Geothermal Installation Choctaw OK

Local resource for geothermal installation in Choctaw, OK. Includes detailed information on local businesses that provide access to earth loop, geothermal system, loop types, and horizontal straight loops as well as advice and content on horizontal coiled loops and vertical loops.

Advanced Solar & Wind Technologies L.L.C.
(405) 769-7511
6115 Winslet Dr.
Choctaw, OK
Services
Wind & Solar power

Advanced Solar & Wind Technologies L.L.C.
(405) 769-7511
6115 Winslet Dr.
Choctaw, OK
Services
Wind & Solar power

Sunrise Alternative Energy
(405) 330-1552
500B South Coltrane
Edmond, OK
 
Guaranteed Watts Savers Systems West
(405) 946-0206
6444 NW Expressway St
Oklahoma City, OK
 
Alfalfa County Conservation District
(580) 596-2883
401 Cherokee Ave
Cherokee, OK
 
Sunrise Alternative Energy
(405) 330-1552
500B South Coltrane
Edmond, OK
 
Sun City Solar Energy, LLC
(918) 494-0886
8404 E. 82nd St.
Tulsa, OK
Services
Solar Electric Power, Solar Hot Water Heating, Solar Pool Heaters commercial and Residential Design and Install

Ensaga Energy
(918) 599-7600
Tulsa, OK
 
Automated Energy Inc
(405) 601-7500
4100 Perimeter Center Dr
Oklahoma City, OK
 
Performance Consulting Group
(405) 447-2977
226 W Gray St
Norman, OK
 

Guidelines for Installing a Geothermal (Earth Energy) System

The Canadian Renewable Energy Network reports on a study of the commercial and industrial heating market examining the cost of using earth energy systems. In 133 of 135 cases, from high schools to high tech facilities to high rise condominiums, geothermal energy systems were cheaper over the lifetime of the system. In 88 of the scenarios, the payback period was less than five years! Read more about the benefits of geothermal .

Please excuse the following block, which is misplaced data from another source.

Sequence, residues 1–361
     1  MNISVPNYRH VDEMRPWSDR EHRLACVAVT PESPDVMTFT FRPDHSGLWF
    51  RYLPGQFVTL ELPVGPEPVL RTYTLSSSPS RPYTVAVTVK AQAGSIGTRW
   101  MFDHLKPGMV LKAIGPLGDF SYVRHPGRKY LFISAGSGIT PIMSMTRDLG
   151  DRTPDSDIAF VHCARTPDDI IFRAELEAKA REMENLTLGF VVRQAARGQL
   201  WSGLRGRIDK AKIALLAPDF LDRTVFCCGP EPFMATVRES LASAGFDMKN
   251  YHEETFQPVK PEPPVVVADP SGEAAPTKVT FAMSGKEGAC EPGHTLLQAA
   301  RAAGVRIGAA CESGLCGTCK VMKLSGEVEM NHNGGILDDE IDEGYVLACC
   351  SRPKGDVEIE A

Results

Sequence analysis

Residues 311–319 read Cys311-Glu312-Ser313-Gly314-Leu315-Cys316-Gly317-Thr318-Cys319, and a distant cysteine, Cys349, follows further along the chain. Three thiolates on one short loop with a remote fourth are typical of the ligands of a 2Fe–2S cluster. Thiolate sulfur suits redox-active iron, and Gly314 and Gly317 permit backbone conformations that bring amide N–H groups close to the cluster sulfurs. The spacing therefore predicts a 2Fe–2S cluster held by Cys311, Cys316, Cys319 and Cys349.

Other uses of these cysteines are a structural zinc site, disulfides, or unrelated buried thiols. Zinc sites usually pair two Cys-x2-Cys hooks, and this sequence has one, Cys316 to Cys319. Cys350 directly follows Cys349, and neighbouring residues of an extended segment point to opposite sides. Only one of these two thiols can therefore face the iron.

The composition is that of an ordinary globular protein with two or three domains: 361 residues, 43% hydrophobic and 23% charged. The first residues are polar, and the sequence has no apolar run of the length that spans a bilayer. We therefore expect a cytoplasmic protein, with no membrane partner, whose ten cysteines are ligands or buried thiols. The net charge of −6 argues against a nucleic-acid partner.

The following basic guidelines for installing a geothermal energy system come from the same Canadian Renewable Energy Network, a Canadian government body dedicated to informing the public about renewable energies such as geothermal and solar energy.

  • Design the system to match energy output to the heat load of the building. Otherwise, system performance will suffer and installation costs will increase.
  • You can design a system to meet less than 100 percent of the heat loss if there is an auxiliary heating source such as an electric plenum heater. Many contractors in Canada recommend that systems meet 75 percent to 85 percent of a building's heat loss.
  • Earth energy systems circulate more air than a combustion forced-air furnace, so ensure that the building's ductwork can accommodate a higher air flow.
  • ...

Click here to read more from The Solar Guide

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